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Shuuka
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Background Information


With the migration to SAP BW/4HANA, source system of type “Web Service” is not available. And here comes a new capability “Write Interface” for DataStore Objects allowing to push data into inbound queue tables of Staging DataStore Objects and Standard DataStore Objects, replacing the push capability of PSA tables of DataSources of Web Service Source Systems. See SAP Note 2441826 - BW4SL & BWbridgeSL - Web Service Source Systems.

There are two loading scenarios supported via the Write Interface:

  1. For every call, a new internal request is opened ("One-step"), i.e., BW opens and closes an RSPM Request internally around the transferred records.

  2. The external system administrates the RSPM Request explicitly and sends Data Packages into this Request ("Write into Request"), i.e., the external system opens the RSPM Request, n times sends data (with information on request and package) and closes it.


For systems that have new data coming in a low frequency, you can use the “One-step” procedure. Each time, when a set of new data records come, they are sent to the BW system and an RSPM request is generated.

For systems that have new data coming in a high frequency (with a low volume), you can use the “Write into Request” procedure, first open an RSPM request, and each time whenever new data comes, send data with the corresponding request and package, and close the request at the end.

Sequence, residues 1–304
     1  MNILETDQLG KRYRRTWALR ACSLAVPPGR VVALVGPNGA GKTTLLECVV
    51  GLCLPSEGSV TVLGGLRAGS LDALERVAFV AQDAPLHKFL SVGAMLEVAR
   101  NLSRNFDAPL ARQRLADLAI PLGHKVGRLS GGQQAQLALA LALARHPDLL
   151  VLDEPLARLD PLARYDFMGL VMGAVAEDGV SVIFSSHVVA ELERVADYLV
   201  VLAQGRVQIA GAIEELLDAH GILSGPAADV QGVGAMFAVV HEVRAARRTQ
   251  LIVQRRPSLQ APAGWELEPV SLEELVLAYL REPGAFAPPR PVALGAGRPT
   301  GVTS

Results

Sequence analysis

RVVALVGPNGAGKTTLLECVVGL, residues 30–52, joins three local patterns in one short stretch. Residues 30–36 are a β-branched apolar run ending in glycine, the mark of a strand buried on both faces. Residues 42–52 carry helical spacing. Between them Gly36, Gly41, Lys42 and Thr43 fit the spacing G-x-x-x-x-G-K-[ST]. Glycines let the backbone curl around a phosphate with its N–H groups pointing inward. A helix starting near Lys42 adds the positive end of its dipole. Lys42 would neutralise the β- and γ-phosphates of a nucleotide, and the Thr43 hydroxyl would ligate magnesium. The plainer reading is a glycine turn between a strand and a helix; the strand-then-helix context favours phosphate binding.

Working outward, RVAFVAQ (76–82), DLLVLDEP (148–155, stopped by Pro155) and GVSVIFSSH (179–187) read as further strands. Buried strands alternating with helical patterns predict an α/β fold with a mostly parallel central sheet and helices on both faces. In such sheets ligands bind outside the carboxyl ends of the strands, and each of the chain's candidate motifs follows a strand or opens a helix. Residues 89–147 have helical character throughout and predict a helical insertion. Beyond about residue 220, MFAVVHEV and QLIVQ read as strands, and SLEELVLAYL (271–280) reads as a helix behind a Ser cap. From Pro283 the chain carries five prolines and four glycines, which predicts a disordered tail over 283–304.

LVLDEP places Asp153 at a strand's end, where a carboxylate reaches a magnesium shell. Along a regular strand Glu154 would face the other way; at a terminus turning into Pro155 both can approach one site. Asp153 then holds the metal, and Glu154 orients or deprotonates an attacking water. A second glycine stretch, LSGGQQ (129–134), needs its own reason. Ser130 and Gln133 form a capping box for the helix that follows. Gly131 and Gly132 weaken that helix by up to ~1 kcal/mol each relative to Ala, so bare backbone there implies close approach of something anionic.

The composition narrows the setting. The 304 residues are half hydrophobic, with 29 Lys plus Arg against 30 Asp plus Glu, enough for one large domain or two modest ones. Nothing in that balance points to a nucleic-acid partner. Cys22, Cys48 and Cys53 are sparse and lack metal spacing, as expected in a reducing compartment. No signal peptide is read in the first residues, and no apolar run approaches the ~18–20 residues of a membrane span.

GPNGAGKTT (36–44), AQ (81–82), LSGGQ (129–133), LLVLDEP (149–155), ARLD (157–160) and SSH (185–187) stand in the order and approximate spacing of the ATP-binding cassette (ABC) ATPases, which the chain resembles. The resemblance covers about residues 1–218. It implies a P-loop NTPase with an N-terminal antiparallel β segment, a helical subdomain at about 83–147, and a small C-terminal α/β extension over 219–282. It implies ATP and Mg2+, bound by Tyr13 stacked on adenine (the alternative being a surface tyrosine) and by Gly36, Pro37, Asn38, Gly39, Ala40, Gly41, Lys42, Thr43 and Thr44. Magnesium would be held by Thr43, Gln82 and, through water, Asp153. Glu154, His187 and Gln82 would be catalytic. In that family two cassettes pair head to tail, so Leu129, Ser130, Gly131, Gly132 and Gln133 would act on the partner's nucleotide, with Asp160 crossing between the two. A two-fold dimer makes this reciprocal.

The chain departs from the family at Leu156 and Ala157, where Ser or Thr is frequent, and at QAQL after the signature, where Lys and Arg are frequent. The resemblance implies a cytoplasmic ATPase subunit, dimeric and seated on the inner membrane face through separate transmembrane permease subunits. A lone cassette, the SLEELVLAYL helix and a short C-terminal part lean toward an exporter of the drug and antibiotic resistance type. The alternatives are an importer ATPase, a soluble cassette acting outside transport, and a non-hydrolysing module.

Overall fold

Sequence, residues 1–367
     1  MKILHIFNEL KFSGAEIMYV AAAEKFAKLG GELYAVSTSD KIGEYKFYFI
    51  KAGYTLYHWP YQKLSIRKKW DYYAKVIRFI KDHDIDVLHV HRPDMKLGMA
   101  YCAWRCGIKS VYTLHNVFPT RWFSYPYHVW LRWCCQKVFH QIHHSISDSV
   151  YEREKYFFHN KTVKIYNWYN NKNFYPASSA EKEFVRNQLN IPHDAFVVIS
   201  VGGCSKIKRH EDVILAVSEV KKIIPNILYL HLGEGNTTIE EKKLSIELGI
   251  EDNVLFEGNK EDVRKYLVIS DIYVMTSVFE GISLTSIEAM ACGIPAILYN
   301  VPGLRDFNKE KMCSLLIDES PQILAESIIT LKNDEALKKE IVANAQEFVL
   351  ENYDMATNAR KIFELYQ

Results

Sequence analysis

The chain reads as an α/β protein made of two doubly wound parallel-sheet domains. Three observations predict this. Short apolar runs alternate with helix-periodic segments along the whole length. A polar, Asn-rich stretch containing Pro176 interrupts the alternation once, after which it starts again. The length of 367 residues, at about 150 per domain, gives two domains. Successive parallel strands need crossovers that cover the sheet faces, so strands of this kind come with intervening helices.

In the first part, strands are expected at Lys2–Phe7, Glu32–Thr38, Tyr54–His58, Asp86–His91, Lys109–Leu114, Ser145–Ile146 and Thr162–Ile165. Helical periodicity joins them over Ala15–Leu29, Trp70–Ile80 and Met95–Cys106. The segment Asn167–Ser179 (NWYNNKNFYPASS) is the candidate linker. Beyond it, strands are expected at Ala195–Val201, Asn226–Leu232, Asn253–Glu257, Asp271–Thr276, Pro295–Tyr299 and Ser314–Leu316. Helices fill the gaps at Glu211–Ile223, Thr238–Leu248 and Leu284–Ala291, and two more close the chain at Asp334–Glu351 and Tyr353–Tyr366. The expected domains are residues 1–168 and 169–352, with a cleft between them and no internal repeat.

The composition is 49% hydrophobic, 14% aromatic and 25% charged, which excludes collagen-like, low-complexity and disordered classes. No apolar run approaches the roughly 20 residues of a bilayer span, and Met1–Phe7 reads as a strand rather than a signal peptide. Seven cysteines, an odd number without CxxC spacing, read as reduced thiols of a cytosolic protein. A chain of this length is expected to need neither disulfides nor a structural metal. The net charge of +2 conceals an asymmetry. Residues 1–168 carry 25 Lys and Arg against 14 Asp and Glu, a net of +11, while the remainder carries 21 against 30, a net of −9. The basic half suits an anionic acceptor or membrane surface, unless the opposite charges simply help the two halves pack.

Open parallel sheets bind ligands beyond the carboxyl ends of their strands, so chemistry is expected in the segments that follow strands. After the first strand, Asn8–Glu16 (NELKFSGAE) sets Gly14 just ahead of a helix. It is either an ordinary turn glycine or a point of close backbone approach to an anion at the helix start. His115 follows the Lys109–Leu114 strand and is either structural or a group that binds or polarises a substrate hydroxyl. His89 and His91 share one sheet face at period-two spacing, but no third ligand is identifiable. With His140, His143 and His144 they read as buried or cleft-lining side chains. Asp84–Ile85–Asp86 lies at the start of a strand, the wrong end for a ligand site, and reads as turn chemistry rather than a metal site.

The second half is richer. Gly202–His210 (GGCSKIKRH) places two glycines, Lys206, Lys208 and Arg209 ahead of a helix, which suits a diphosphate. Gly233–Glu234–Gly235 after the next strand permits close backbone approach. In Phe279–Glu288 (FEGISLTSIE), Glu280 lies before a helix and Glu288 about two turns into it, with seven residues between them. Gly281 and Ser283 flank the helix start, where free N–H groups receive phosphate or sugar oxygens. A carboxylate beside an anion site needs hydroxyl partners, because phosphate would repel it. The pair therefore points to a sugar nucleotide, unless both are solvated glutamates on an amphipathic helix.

“Write into Request” requires the external system to administrate the RSPM request and know how to package the data records. However, if you are in a situation where there is high-frequency and low-volume data, but the external system does not have the capability to handle RSPM requests and has to use “One-step” data sending, where each call creates a new RSPM Request. This will result in too many RSPM requests generated in a short period. Please note that generally, a large number of RSPM requests (several thousands of Requests in the same Datastore Objects) require the execution of the RSPM housekeeping to avoid further performance issues.

To avoid this performance limitation which is caused by many RSPM requests generated by “One-step” data sending you may consider having an alternative object where you can write data and use it for the temporary storage of data and load the needed data from this object via DataSource.

ODP CDS DataSource based on ABAP CDS View


In this case, we would need to create an ABAP CDS view, and first, accept the high-frequency incoming data here (in the underlying table), then generate an ODP CDS DataSource based on this ABAP CDS view and load data from the DataSource with the custom frequency. In this way, you can avoid having too many RSPM requests generated in a short period for the target ADSO. Also, the process chain which loads data from the ABAP CDS view can be run with frequency according to the business requirements. For example, hourly.

The ABAP CDS view and the DataSource are acting like an extra inbound table (without request generated) for this ADSO. So, instead of directly writing data into the target ADSO, the system first writes data to the underlying table of the ABAP CDS view and the BW system loads data from the ODP which represents the ABAP CDS view.


Basically, the procedure would look like below:

1. Create a database table. All the fields (except the technical fields like REQTSN, DATAPAKID, RECORD, and RECORDMODE) are just copied from the inbound table of the target ADSO. Besides that, we add 2 fields, one as a key field and another for the delta mechanism. In the below example, “RECORD_ID” is used as a key field, and “DELTA_TIMESTAMP” is used for the delta mechanism.